Raymond Antrobus’s astonishing debut collection, The Perseverance, won both Rathbone Folio Prize and the Ted Hughes Award, amongst many other accolades; the poet’s much anticipated second collection, All The Names Given, continues his essential investigation into language, miscommunication, place, and memory. Throughout, All The Names Given is punctuated with [Caption Poems] partially inspired by Deaf sound artist Christine Sun Kim, which attempt to fill in the silences and transitions between the poems, as well as moments inside and outside of them. Direct, open, formally sophisticated, All The Names Given breaks new ground both in form and content: the result is a timely, humane and tender book from one of the most important young poets of his generation.
“Magic.” –Kaveh Akbar
In the wake of his father’s death, the speaker in Raymond Antrobus’ The Perseverance travels to Barcelona. In Gaudi’s Cathedral, he meditates on the idea of silence and sound, wondering whether acoustics really can bring us closer to God. Receiving information through his hearing aid technology, he considers how deaf people are included in this idea. “Even though,” he says, “I have not heard / the golden decibel of angels, / I have been living in a noiseless / palace where the doorbell is pulsating / light and I am able to answer.”
The Perseverance is a collection of poems examining a d/Deaf experience alongside meditations on loss, grief, education, and language, both spoken and signed. It is a book about communication and connection, about cultural inheritance, about identity in a hearing world that takes everything for granted, about the dangers we may find (both individually and as a society) if we fail to understand each other.
Can Bears Ski?
Children's Book, 2020
Little Bear feels the world around him. He feels his bed rumble when Dad Bear wakes him up in the morning. He feels the floor shake when his teacher stomps to get his attention. But something else is missing, like when his friends tell jokes that he isn’t sure he understands, or when all around him Little Bear hears the question, “Can bears ski?” Then, one day, Dad Bear takes him to see an “aud-i-olo-gist,” and Little Bear learns that he has been experiencing deafness and will start wearing hearing aids. Soon he figures out what that puzzling refrain is: “Can you hear me?” Little Bear’s new world is LOUD and will take some getting used to, but with the love and support of Dad Bear, he will find his way. In this lyrical picture book, award-winning creators Raymond Antrobus and Polly Dunbar draw on their own experiences to tell Bear’s story.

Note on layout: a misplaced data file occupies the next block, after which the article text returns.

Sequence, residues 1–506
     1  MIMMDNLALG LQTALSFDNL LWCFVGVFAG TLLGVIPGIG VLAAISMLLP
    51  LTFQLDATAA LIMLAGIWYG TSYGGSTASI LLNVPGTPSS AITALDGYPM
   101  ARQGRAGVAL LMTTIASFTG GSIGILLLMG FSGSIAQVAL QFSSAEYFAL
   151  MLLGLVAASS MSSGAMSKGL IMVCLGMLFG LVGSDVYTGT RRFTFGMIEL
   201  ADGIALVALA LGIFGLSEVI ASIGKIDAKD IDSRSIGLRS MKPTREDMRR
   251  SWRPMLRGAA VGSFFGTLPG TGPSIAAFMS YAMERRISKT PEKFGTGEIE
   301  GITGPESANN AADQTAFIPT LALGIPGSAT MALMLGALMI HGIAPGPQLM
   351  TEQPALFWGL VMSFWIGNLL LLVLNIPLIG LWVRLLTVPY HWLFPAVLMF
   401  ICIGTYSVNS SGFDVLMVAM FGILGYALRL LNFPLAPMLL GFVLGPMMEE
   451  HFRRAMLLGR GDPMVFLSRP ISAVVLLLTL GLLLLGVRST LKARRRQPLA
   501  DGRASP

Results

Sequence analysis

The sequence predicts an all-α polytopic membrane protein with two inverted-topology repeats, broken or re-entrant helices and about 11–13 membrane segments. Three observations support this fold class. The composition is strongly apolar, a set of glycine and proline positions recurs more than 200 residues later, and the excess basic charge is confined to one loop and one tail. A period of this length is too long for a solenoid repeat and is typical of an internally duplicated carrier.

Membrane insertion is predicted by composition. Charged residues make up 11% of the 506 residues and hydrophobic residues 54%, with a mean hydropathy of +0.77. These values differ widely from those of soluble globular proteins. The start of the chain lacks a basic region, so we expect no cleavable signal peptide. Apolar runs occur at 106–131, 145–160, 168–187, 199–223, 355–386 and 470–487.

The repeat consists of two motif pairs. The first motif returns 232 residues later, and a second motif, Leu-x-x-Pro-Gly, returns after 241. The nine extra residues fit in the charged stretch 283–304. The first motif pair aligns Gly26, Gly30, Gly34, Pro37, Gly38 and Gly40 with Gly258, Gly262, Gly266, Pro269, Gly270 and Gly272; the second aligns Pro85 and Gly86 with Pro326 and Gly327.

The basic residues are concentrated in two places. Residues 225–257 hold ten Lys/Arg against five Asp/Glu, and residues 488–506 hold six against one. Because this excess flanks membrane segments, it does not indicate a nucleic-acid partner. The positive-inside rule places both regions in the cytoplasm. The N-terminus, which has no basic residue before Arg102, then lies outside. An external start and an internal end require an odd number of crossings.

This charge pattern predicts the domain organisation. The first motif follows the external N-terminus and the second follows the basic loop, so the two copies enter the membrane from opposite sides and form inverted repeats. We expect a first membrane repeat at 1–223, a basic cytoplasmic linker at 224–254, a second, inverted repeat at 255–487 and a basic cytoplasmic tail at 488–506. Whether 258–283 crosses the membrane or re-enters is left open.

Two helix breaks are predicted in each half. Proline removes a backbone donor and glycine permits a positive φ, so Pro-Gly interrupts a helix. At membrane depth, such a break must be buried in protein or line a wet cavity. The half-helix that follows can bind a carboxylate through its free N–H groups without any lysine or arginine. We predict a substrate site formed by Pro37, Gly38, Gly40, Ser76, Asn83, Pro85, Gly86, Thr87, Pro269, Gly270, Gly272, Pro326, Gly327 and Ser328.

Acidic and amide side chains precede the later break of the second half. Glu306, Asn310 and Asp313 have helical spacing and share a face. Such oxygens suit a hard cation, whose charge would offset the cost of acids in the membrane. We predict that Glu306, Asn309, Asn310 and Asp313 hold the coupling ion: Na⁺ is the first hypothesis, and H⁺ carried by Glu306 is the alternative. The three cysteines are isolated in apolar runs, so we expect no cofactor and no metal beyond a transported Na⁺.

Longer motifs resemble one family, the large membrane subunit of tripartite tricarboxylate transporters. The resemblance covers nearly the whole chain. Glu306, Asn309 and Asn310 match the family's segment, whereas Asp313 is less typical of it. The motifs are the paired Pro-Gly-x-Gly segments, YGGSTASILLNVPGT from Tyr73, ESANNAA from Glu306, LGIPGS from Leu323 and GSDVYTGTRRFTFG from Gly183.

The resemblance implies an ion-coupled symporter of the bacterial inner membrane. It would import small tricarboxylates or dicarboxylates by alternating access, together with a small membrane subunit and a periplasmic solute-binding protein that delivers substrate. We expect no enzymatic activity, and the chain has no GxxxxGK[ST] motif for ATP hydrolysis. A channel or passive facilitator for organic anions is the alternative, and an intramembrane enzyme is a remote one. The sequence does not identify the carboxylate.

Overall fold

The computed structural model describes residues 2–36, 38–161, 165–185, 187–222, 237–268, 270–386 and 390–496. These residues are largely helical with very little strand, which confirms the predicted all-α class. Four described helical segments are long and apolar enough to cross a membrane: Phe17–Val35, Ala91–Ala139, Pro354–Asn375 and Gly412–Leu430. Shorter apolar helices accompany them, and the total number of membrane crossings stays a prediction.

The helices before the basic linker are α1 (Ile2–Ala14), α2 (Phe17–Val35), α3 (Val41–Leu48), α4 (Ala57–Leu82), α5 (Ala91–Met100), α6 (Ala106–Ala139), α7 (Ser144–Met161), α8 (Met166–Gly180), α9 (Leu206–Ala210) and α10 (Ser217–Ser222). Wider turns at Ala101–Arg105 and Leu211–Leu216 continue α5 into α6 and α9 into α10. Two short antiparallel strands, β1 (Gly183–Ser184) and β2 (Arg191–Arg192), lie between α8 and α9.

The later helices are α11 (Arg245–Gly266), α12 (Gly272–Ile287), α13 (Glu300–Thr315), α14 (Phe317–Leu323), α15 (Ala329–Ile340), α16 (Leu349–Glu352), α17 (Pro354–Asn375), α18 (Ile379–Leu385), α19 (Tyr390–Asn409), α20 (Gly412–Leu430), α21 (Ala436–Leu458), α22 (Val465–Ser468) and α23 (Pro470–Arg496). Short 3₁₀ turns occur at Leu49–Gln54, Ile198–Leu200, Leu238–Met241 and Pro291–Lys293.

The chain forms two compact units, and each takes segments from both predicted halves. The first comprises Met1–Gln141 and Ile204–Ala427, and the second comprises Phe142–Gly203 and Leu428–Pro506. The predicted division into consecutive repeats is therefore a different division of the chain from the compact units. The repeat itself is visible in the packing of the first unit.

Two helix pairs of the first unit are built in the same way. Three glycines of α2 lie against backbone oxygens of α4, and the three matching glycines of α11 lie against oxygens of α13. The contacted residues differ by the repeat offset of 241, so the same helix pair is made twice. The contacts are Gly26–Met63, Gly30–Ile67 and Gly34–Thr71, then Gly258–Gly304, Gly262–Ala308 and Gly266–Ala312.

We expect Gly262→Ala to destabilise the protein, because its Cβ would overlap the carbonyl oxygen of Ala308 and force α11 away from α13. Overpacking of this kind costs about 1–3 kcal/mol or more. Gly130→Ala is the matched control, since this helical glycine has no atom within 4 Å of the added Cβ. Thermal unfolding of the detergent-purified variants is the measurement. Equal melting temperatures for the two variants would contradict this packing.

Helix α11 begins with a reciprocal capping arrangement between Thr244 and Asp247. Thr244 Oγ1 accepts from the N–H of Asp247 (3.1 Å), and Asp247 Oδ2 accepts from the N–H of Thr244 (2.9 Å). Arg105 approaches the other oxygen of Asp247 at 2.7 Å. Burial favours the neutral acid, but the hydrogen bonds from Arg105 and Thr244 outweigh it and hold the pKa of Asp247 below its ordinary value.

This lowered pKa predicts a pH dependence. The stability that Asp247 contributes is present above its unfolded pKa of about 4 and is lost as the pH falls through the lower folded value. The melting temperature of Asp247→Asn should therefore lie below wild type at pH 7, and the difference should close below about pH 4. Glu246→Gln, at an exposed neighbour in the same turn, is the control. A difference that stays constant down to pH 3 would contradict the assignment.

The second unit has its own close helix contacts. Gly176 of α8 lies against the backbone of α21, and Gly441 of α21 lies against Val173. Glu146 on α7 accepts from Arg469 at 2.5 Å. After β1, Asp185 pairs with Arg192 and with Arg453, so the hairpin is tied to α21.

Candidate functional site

To Sweeten Bitter
Consider the name of Raymond Antrobus’ extraordinary collection of poems for a moment: To Sweeten Bitter. It’s a phrase of infinite possibility and tender worry, open and searching, wanting and volatile. And in this sense, it serves as a kind of secret refrain for us, a haunted current that charges after each line and image, each heart-fraught question (“you think you’re going / to go free?”) and tentative hope (“there is always enough time / in our lives to see / what we must see”). Here, a father laughs “you cannot love sugar and hate your sweetness” and a son reckons with all that might mean “in the scratched light” of history and the “turning / and the losing of myself.” Derek Walcott once reflected that “I have never separated the writing of poetry from prayer;” these poems— in all their urgent beauty—affirm that faith, embody it. –R.A. Villanueva
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“Love is the man overstanding” –Peter Tosh
I wait outside The Perseverance.
Just popping in here a minute.
I’d heard him say it many times before
like all kids with a drinking father,
watch him disappear
into smoke and laughter.
There is no such thing as too much laughter,
my father says, drinking in The Perseverance
until everything disappears—
I’m outside counting minutes,
waiting for the man, my father
to finish his shot and take me home before
it gets dark. We’ve been here before,
no such thing as too much laughter
unless you’re my mother without my father,
working weekends while The Perseverance
spits him out for a minute.
He gives me 50p to make me disappear.
50p in my hand, I disappear
like a coin in a parking meter before
the time runs out. How many minutes
will I lose listening to the laughter
spilling from The Perseverance
while strangers ask, where is your father?
I stare at the doors and say, my father
is working. Strangers who don’t disappear
but hug me for my perseverance.
Dad said this will be the last time before,
while the TV spilled canned laughter,
us, on the sofa in his council flat, knowing any minute
the yams will boil, any minute,
I will eat again with my father,
who cooks and serves laughter
good as any Jamaican who disappeared
from the Island I tasted before
overstanding our heat and perseverance.
I still hear popping in for a minute, see him disappear.
We lose our fathers before we know it.
I am still outside The Perseverance, listening for the laughter.